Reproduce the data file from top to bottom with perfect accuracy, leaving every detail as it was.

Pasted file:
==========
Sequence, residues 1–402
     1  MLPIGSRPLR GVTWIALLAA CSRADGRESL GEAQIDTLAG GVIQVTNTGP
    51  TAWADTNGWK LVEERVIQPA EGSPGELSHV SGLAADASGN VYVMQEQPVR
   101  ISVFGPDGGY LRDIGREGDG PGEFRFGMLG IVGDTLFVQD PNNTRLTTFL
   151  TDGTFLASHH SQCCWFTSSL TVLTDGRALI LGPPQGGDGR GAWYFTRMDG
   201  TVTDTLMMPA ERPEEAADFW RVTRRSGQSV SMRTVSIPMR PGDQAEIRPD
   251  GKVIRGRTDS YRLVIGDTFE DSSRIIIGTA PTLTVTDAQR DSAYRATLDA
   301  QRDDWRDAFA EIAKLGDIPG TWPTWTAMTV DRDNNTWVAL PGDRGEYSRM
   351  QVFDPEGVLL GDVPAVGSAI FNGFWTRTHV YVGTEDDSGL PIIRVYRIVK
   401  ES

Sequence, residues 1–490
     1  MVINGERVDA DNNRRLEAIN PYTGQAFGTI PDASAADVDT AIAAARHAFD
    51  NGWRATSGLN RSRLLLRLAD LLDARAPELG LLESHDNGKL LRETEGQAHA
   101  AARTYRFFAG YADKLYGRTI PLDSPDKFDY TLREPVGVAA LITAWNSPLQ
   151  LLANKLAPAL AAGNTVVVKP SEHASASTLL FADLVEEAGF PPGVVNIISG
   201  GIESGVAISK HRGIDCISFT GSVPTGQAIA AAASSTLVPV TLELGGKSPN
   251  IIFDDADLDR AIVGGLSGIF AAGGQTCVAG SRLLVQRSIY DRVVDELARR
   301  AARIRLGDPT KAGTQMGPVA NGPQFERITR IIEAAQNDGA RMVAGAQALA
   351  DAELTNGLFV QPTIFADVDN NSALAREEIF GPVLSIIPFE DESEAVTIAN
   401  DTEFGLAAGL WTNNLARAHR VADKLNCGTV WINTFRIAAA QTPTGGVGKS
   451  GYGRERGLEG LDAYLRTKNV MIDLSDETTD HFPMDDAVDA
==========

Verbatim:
Sequence, residues 1–402
     1  MLPIGSRPLR GVTWIALLAA CSRADGRESL GEAQIDTLAG GVIQVTNTGP
    51  TAWADTNGWK LVEERVIQPA EGSPGELSHV SGLAADASGN VYVMQEQPVR
   101  ISVFGPDGGY LRDIGREGDG PGEFRFGMLG IVGDTLFVQD PNNTRLTTFL
   151  TDGTFLASHH SQCCWFTSSL TVLTDGRALI LGPPQGGDGR GAWYFTRMDG
   201  TVTDTLMMPA ERPEEAADFW RVTRRSGQSV SMRTVSIPMR PGDQAEIRPD
   251  GKVIRGRTDS YRLVIGDTFE DSSRIIIGTA PTLTVTDAQR DSAYRATLDA
   301  QRDDWRDAFA EIAKLGDIPG TWPTWTAMTV DRDNNTWVAL PGDRGEYSRM
   351  QVFDPEGVLL GDVPAVGSAI FNGFWTRTHV YVGTEDDSGL PIIRVYRIVK
   401  ES

Sequence, residues 1–490
     1  MVINGERVDA DNNRRLEAIN PYTGQAFGTI PDASAADVDT AIAAARHAFD
    51  NGWRATSGLN RSRLLLRLAD LLDARAPELG LLESHDNGKL LRETEGQAHA
   101  AARTYRFFAG YADKLYGRTI PLDSPDKFDY TLREPVGVAA LITAWNSPLQ
   151  LLANKLAPAL AAGNTVVVKP SEHASASTLL FADLVEEAGF PPGVVNIISG
   201  GIESGVAISK HRGIDCISFT GSVPTGQAIA AAASSTLVPV TLELGGKSPN
   251  IIFDDADLDR AIVGGLSGIF AAGGQTCVAG SRLLVQRSIY DRVVDELARR
   301  AARIRLGDPT KAGTQMGPVA NGPQFERITR IIEAAQNDGA RMVAGAQALA
   351  DAELTNGLFV QPTIFADVDN NSALAREEIF GPVLSIIPFE DESEAVTIAN
   401  DTEFGLAAGL WTNNLARAHR VADKLNCGTV WINTFRIAAA QTPTGGVGKS
   451  GYGRERGLEG LDAYLRTKNV MIDLSDETTD HFPMDDAVDA